Please don’t lets reinvent the old myths – there’s plenty of room for new ones out there.

When is a Health Check not a Health Check

Thanks to The Human Fly via Twitter @sjaffarhussain I see that Oracle Corporation have a published note on How to Perform a Database Health Check. (Note 122669.1). I read this with some interest as this is something that I do quite frequently as part of my day job. (If you’d like to get me to [...]

Handling Human Errors

Interesting question on human mistakes was posted on the DBA Managers Forum discussions today.

As human beings, we are sometimes make mistakes. How do you make sure that your employees won’t make mistakes and cause downtime/data loss/etc on your critical production systems?

I don’t think we can avoid this technically, probably working procedures is the solution.
I’d like to hear your thoughts.

I typed my thoughts and as I was finishing, I thought that it makes sense to post it on the blog too so here we go…

The keys to prevent mistakes are low stress levels, clear communications and established processes. Not a complete list but I think these are the top things to reduce the number of mistakes we make managing data infrastructure or for that matter working in any critical environment be it IT administration, aviation engineering or medical surgery field. It’s also a matter of personality fit – depending on your balance between mistakes tolerance and agility required, you will favor hiring one individual or another.

Regardless of how much you try, there are still going to be human errors and you have to account for them in the infrastructure design and processes. The real disasters happen when many things align like several failure combined with few human mistakes. The challenge is to find the right balance between efforts invested in making no mistakes and efforts invested into making your environment errors-proof to the point when risk or human mistake is acceptable to the business.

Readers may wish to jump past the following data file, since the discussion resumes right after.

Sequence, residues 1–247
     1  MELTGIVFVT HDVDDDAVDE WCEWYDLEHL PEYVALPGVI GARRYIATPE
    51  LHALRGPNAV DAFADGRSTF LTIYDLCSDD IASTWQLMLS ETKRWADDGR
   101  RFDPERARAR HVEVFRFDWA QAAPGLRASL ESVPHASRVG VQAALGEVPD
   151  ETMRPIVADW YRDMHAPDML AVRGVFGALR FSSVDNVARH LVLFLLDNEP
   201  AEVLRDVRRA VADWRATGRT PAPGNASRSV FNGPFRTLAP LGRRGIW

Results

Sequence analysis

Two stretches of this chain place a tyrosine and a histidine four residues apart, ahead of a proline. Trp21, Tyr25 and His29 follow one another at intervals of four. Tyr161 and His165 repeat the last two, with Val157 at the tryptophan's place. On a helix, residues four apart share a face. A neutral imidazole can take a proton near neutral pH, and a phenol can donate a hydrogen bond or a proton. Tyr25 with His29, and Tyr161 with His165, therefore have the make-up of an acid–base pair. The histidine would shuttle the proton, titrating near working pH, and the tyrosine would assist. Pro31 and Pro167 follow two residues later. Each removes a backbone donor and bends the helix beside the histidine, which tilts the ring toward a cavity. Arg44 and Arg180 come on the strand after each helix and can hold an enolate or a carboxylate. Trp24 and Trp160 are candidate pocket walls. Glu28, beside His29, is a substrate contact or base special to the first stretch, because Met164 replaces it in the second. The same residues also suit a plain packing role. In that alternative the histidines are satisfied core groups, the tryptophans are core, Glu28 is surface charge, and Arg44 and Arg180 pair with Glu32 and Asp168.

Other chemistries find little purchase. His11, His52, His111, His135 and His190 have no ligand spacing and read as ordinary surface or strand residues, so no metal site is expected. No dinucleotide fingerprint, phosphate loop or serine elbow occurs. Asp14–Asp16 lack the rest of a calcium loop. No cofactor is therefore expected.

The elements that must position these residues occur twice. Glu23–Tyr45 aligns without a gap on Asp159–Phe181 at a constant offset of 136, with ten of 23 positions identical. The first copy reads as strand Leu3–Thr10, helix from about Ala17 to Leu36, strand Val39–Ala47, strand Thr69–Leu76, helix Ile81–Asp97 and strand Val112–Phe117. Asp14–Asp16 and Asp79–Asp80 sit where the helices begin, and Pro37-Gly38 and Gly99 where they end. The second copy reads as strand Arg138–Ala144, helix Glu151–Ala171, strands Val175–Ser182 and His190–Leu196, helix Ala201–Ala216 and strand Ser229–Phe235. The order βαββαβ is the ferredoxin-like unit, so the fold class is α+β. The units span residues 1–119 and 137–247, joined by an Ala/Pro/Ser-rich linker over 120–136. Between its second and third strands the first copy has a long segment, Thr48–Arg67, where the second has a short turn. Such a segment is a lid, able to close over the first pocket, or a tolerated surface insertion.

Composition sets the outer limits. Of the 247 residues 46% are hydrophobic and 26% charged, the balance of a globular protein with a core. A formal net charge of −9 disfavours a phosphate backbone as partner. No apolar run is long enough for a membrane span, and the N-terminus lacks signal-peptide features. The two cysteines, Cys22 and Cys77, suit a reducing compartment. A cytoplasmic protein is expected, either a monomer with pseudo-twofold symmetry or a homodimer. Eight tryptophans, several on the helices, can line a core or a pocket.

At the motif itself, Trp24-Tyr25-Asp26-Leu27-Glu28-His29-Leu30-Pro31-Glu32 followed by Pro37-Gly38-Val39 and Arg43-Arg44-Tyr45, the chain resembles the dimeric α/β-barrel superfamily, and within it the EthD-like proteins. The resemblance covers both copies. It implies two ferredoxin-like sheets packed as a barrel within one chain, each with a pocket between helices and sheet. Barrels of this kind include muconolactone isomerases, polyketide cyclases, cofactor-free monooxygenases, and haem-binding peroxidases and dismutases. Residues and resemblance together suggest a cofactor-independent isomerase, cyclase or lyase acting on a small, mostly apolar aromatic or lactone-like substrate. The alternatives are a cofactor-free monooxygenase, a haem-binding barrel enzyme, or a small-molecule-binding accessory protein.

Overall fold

Those are the general ideas.

Just a few examples of the practical solutions to prevent mistakes when it comes to Oracle DBA:

  • test production actions on a test system before applying in production
  • have a policy to review every production change by another senior member of a team
  • watch over my shoulder policy working on production environments – i.e. second pair of eye all the time
  • employee training, database recovery bootcamp
  • discipline of performing routing work under non-privileged accounts

Some of the items to limit impact of the mistakes:

  • multiples database controlfiles for Oracle database (in case DBA manually does something bad to one of them – I saw this happen)
  • standby database with delayed recovery or flashback database (for Oracle)
  • no SPOF architecture
  • Oracle RAC, MySQL high availability setup (like sharding or replication), SQL*Server cluster — architecture examples that limit impact of human mistakes affecting a single hardware component

Both lists can go on very long. Old article authored by Paul Vallee is very relevant top this topic — The Seven Deadly Habits of a DBA…and how to cure them.

Feel free to post your thoughts and example. How do you approach human mistakes in managing production data infrastructure?

OOW09 Session#4 DBA 11g New Features

For all those who came to my last of my four sessions - 11g New Features for DBAs - I appreciate your taking the time. It was a pleasant surprise to see about 500 people showing up at a lunch time slot on the last day of the conference.

Here is the presentation link. I hope you enjoyed the session and found it useful.